How to write a great speech: RELEVANCE

Emperors in the Coliseum would signal the fate of a gladiator with the lifting of a thumb.  And not much has changed.  Because this is the age of mobile technology.  And there is nothing worse than looking up after a minute of your pivotal speech or presentation to see the key decision-maker in the room looking down, Blackberry in-hand, and a scrolling thumb providing its own telling feedback on the impact of your big moment.

In the age of Twitter, I’m often asked to help clients avoid this fate in 140 characters.  Fortunately, I can often cut that to nine:


Whether a client is speaking at a wedding, a business conference or in Parliament, the same principle applies.  Because a speech, any speech, needs to create an impact if people are going to enjoy and remember it.  And there is no better way to make that impact than by making it one hundred percent relevant to your audience.

Relevance comes in different shapes and sizes.  From a strategic perspective it means focusing on benefits rather than features.  This is a fundamental rule of any form of communication, but when it comes to speeches, and particularly speeches on a technical subject, there is a tendency to push common-sense to one side and tell people an awful lot about what you know, at the expense of what they really want and need to hear.

As a result, many business speeches and presentations begin with a hugely detailed section ‘about us’ which incorporates ‘who we are’, ‘what we do’, and ‘what our latest great product or service is all about’.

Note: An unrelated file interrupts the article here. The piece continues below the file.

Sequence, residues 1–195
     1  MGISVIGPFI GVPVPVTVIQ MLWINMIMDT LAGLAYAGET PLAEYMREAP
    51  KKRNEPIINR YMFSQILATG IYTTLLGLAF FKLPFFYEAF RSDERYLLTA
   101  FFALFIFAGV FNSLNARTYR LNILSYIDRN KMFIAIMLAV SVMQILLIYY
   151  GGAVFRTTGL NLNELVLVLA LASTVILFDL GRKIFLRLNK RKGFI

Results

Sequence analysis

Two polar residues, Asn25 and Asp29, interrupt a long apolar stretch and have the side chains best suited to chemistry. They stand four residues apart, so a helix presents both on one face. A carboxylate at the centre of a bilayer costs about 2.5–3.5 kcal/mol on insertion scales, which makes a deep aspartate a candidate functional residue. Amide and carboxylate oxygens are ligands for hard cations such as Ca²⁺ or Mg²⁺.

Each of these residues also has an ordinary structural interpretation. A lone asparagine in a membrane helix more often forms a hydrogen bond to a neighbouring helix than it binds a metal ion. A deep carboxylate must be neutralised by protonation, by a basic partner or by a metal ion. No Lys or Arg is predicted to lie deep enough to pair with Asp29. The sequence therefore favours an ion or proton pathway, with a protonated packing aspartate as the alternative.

This may be all true.  And it may also be incredibly interesting to you.  But an audience is likely to be stifling the yawns and reaching for its emails before you have even got going.

Relevance means approaching things back-to-front.  It means engaging their interest from the start; demonstrating that it is really worth giving you their complete and undivided attention before you even start to explain the technical aspect of what you do.

And so if you are explaining to an audience why your new product is going to transform the way they work, please don’t start by telling them how long you’ve been working on it, what its ingredients are, or where your offices are based.  Think about how they will use it, the problems it will solve, and the frustrations it will alleviate.

Similarly, if you are Best Man at a wedding, the worst possible way to start your speech is by talking about yourself for too long, and by regaling the guests with long and detailed stories that demonstrate why you and the Groom are such good mates.  By all means introduce yourself, but then imagine you are in the audience before you start writing.  This isn’t about you, it’s about them and him.  And you are simply a conduit for sharing relevant, interesting and amusing information about him.

In short, if a speech isn’t relevant, it is highly likely to fail.  Audiences have short attention spans.  The twitching of a thumb may no longer spell the end of a life, but it can provide a clear indication that your speech or presentation is facing an early death.